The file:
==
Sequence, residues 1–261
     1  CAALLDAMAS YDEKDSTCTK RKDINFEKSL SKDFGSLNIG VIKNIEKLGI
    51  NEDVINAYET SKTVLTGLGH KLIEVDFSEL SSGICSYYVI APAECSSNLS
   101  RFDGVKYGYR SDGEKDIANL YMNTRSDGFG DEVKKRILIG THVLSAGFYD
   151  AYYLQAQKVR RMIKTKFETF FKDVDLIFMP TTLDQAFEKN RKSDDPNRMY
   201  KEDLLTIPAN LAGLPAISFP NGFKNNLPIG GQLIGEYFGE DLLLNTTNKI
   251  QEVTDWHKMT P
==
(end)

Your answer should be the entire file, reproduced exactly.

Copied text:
Sequence, residues 1–261
     1  CAALLDAMAS YDEKDSTCTK RKDINFEKSL SKDFGSLNIG VIKNIEKLGI
    51  NEDVINAYET SKTVLTGLGH KLIEVDFSEL SSGICSYYVI APAECSSNLS
   101  RFDGVKYGYR SDGEKDIANL YMNTRSDGFG DEVKKRILIG THVLSAGFYD
   151  AYYLQAQKVR RMIKTKFETF FKDVDLIFMP TTLDQAFEKN RKSDDPNRMY
   201  KEDLLTIPAN LAGLPAISFP NGFKNNLPIG GQLIGEYFGE DLLLNTTNKI
   251  QEVTDWHKMT P